Vital functions of the malarial ookinete protein, CTRP, reside in the A domains


Ramakrishnan, C; Dessens, JT; Armson, R; Pinto, SB; Talman, AM; Blagborough, AM; Sinden, RE; (2011) Vital functions of the malarial ookinete protein, CTRP, reside in the A domains. International journal for parasitology, 41 (10). pp. 1029-1039. ISSN 0020-7519 DOI: https://doi.org/10.1016/j.ijpara.2011.05.007

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Abstract

The transformation of malaria ookinetes into oocysts occurs in the mosquito midgut and is a major bottleneck for parasite transmission. The secreted ookinete surface protein, circumsporozoite- and thrombospondin-related adhesive protein (TRAP)-related protein (CTRP), is essential for this transition and hence constitutes a potential target for malaria transmission blockade. CTRP is a modular multidomain protein containing six tandem von Willebrand factor A-like (A) domains and seven tandem thrombospondin type I repeat-like (TS) domains. Here we present, to our knowledge, the first structure-function analysis of CTRP using genetically modified Plasmodium berghei parasites expressing mutant versions of the ctrp gene. Our data show that the A domains of CTRP are critical for ookinete gliding motility and oocyst formation whilst, unexpectedly, its TS domains are fully redundant. These results may have important implications for the design of CTRP-based transmission blocking strategies. (C) 2011 Australian Society for Parasitology Inc. Published by Elsevier Ltd. All rights reserved.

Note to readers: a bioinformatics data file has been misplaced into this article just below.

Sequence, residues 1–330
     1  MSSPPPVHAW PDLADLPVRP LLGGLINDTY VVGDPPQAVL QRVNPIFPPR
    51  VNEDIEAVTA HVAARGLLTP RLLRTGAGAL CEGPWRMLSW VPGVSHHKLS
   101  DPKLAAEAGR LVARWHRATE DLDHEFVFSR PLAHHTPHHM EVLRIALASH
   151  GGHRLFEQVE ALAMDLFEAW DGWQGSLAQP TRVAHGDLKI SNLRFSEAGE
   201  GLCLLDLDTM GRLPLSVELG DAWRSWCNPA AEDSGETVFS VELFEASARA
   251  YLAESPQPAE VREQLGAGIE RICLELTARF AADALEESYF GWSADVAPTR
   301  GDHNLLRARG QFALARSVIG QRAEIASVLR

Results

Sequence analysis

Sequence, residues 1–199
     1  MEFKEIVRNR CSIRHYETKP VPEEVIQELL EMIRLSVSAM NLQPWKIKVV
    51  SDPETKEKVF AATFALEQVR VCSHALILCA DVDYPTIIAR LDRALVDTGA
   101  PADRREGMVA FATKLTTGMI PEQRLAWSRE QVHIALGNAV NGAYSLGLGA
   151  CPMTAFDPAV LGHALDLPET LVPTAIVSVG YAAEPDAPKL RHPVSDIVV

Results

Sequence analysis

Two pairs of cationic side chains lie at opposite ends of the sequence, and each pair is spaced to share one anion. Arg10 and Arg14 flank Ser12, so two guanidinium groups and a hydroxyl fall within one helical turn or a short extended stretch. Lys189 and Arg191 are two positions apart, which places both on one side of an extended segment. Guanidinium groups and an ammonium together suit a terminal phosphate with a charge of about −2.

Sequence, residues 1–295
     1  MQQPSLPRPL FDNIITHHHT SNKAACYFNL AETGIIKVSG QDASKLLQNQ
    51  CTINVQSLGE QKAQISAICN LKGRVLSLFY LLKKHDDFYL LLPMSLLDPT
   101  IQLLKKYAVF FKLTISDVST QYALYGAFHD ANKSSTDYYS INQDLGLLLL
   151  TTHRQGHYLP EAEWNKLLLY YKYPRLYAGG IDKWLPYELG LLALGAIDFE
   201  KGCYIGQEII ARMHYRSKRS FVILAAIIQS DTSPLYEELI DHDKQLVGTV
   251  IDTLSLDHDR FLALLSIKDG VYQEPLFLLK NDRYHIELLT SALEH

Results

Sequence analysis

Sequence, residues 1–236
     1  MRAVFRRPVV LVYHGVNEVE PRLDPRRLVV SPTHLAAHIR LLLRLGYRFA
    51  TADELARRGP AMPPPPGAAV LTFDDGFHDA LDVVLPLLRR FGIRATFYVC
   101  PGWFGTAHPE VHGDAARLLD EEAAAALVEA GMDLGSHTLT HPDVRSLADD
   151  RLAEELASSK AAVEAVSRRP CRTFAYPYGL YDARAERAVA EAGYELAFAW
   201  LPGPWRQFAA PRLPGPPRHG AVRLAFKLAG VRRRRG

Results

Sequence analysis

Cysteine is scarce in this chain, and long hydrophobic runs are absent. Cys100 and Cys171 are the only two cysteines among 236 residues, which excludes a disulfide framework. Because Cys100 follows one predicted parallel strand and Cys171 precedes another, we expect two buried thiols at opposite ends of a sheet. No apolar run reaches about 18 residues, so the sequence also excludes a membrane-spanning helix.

Item Type: Article
Keywords: CTRP, Transmission, Motility, Invasion, Plasmodium berghei, Anopheles, host-cell invasion, thrombospondin-related protein, high-efficiency, transfection, mosquito anopheles-gambiae, trap-like protein, plasmodium-berghei, apicomplexan parasites, molecular characterization, anonymous protein, gliding motility, ater ca, 1991, v112, p1031
Faculty and Department: Faculty of Infectious and Tropical Diseases > Dept of Pathogen Molecular Biology
Research Centre: Malaria Centre
PubMed ID: 21729699
Web of Science ID: 294519200003
URI: http://researchonline.lshtm.ac.uk/id/eprint/101

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